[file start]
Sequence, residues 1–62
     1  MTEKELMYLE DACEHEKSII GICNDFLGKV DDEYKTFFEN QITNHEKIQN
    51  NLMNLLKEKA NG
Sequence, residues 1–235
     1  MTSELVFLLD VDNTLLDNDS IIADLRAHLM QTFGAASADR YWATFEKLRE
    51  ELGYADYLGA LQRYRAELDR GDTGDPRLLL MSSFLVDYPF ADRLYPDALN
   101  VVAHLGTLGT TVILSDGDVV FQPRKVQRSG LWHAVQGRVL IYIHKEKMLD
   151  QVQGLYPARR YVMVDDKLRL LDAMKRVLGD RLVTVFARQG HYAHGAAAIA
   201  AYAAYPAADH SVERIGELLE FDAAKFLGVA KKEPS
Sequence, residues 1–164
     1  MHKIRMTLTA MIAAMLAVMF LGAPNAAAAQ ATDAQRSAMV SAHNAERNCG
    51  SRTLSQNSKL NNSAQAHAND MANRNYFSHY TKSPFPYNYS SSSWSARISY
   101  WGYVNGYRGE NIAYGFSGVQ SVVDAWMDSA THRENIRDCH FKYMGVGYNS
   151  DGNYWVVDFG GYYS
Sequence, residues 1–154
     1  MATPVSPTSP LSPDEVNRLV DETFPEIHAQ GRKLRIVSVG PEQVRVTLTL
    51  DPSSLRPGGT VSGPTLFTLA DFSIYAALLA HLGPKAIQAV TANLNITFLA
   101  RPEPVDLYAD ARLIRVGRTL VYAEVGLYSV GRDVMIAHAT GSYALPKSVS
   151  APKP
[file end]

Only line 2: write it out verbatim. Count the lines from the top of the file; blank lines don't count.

     1  MTEKELMYLE DACEHEKSII GICNDFLGKV DDEYKTFFEN QITNHEKIQN